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  1. I built the Dodge A100 monster truck many years ago (approx. 1990). It has a number of scratchbuilt features including forward-tilting body, working simulated hydraulic cylinders for body and steering, working 4-wheel steering, full wiring & plumbing, etc. At the same time I started a rebuild of an old IMC Dodge L700 to match the MT. The frame was stretched and a tag axle added. An IMC Big Rig semi trailer donated it's floor for a custom drop-deck trailer. The project stalled and went into a box. I recently got it out and was determined to get it finished! This is the result. The ramps store under the trailer deck. Trailer wheels, tires and suspension came from AMT 1/32 reefer trailer
  2. With all the excitement prior to the 24 Hour Build I literally forgot to take photos and post a model I had completed the year before! This was my 24 Hour Build project for 2014, that I didn't complete. In this photo you can see when I packed it in at 6:14 am on Sunday. There were things I didn't like about it, and knew I didn't want to finish it that way. One of the things you may notice are the HUGE almost working hinges in this kit. I had already built a Jimmy Flintstone resin van and he had correct hinges. So I did glue the doors shut and add ones the right size made from Evergreen round. For my Christmas Amnesty Project, I had made a commitment to myself to attack all those 80-90% finished models on my project shelf. I had completed the Model A TROG racer as my last build of 2018, and had moved right onto the Dodge D50 US Navy pickup as my first build for 2019. So this one is my second completion this year, and the 24 Hour Build Model A woody pickup is the THIRD. Me? With three completions in January? Unheard of! LOL Paint is Testors One Coat Flaming Orange because I absolutely love the color. I had painted my '65 Barracuda a similar color back in 1978. The paint laid perfectly. I don't believe I even clear coated it. That is the stock position for the spare tire. The kit doesn't have a stock gas filler so I drilled a hole and added one from my parts box. I think this one was from the AMT '53 Ford Pickup. Of course I can complicate anything, so I got the bright idea of replacing the kit's stock exhaust with duals. So I took two of the kit's stock mufflers (from two kits) and fabricated most everything else from pieces and parts of exhaust systems I keep in a shoe box for this purpose. The tail pipe ends are from the Revell Dart kits. I drill out the parts and assemble it all with bits of straight pin. I fit it tight so I can adjust the parts on the car before finalizing with glue, same way you'd do before clamping on a 1:1 car. I don't remember where I swiped the bucket seats from back in 2014. I did remember that I sprayed them with cheap spray paint that didn't dry during the 24 Hours! Now five years later, they are dry! I had to make seat bases for them to sit in the van. With no time constraints, I decided to add some seat belts. Model Car Garage buckles that I added depth to with Evergreen. And correct 1/16" ribbon for the belts. I bought a lifetime supply of seat belts on eBay (5 dif color rolls) for $10. I made a custom plate for the occasion. The bumpers are the same color as the interior. And here's the pair sitting together. Note how the hinges match now! I'm happy to have finished this one!
  3. First time trying a resin body. I don't know of any other manufacturer, so I think it's a Jimmy Flintstone. I'm opening it all up, so the first challenge will be to correct the gaps in the doors. Closing the gaps in styrene plastic is easy: simply cement on additional plastic and shape. With resin, I'm a little leery of gobbing on 5-minute epoxy as a filler. I've had that stuff easily separate from the styrene. If I mixed my own resin, could that be used as a filler? Bondo? I'd like to use the resin doors, since they have the Dodge script. Is anyone aware of a photo-etch set that would provide this script? Chris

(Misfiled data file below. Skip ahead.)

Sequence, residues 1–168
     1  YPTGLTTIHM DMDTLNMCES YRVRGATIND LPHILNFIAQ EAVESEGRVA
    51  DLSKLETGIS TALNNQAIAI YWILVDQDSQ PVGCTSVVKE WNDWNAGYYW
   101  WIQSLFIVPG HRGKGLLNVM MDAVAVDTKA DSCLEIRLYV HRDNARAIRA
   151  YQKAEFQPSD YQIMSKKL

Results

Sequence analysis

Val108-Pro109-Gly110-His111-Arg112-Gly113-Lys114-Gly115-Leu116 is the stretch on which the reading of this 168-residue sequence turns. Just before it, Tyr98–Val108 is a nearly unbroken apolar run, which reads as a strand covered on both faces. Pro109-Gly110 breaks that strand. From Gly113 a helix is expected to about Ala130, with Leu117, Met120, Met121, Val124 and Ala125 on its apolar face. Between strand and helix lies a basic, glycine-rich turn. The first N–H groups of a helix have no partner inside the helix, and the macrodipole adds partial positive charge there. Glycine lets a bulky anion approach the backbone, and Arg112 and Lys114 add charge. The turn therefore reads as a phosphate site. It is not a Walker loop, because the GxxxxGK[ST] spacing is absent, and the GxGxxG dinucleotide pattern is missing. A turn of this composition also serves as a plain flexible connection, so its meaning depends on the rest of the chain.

4. Hi there: I picked this kit up at the local Hobby Lobby for just under $15. This kit is not new and has been around for some time appearing to have its origins in the old "Little-Red Wagon" of 1960's fame. I bought that kit when it first came out and I always liked it. I have been eyeing this thing for some time now and today seemed like a good day so here we go... The box art reflects the contents, an A-100 Dodge COE pick-up in Coca Cola livery. The box contains that truck but also all of the parts needed for the drag version of Little Red Wagon (no LRW decals though). The body is reasonably well done and captures the look of the real truck. If you are a fan of this genre you may want to check the dimensions and overall casting accuracy more closely but it looks good to me. The body is also equipped with opening doors and hinges that are bit large looking. However, I suspect most reasonably skilled modelers will change those out for better looking scratch built items. The glass is clear and smooth and reasonably thin. The decal sheet provides the various Coca Cola scripts and that's it. Nothing else. The frame and bed insert are well done but rudimentary. My only complaint here is that the bed insert has very deep grooves for cutting the engine bay for the Little Red Wagon and time has taken its toll. The groves are so deep in spots that there are holes into the bed area. You can see this clearly in the picture below. The wheels and tires are a set of vinyl no name items (five of them - so you have a real spare!!!) a set of huge Goodyear slicks with brand names and a well done set of period mags in chrome. You also get dog dish hubcaps and a set of steelie wheels!!! That is really nice..I think so any way!!! The chrome tree is well done and has a ton of neat parts on it for the engine and exterior. The engines (there are TWO in this kit) are nicely done multi-piece affairs. The stock engine is about 17 pieces. The custom engine is greatly simplified but has about 25 pieces and an automatic transmission. The higher parts count for the custom engine is a result of eight velocity stacks and eight plugs. Both have separate oil pans so no seams here! The only problem I see with the engines is that they look to be on the small side. This is a 1/24 th scale kit. This is primarily based on looking at the chrome vale covers, base and Hemi. They just look too small. If you cmpare them to the fuel tank parts on the same tree you can see that they appear to be too small and the tank way too large. Overall, this is small potatoes but you can decide on that one. It's not the first kit to have an out of scale engine. The frame and running gear / suspension are all simplified separate pieces that are well done. The steering wheels can be built poseable but you will want to either glue them in permanently or rework the snap in spindles and axle to be more accurate / substantial. The extra frame box for the Little Red Wagon is present too. The rear end is "FULLY CAST" (yippee!!!). The interior reflects a stock truck and is basic but well done. It includes a dash, seat belts, two part seats, a nice steering wheel, steeering column and shift lever turn signal combo and door panels with cast on details. You also get a push button automatic option as well. THAT is going in my build up for sure!!!! Only the gas pedal from the LRW is included so you will need to add parts here especially since the doors can be opened. Again the drag accessories are included i.e. a full roll bar set up. Overall this is an interesting kit of a really different subject. The simplicity (and age) is clearly reflected in the price. You can easily build up a stock truck with dog dish hubcaps or the Little Red Wagon or some other over the top variant and I am sure many of you already have some wild ideas about where to take this. (I am thinking about a mild custom lowered tow vehicle for the old Revell midget trailer in my junked kits stash.) Go get this kit…the price is right, there are plenty of extra parts and only your imagination and your parts box content will hold you back on this one. Have fun! Regards Bill (Duntov)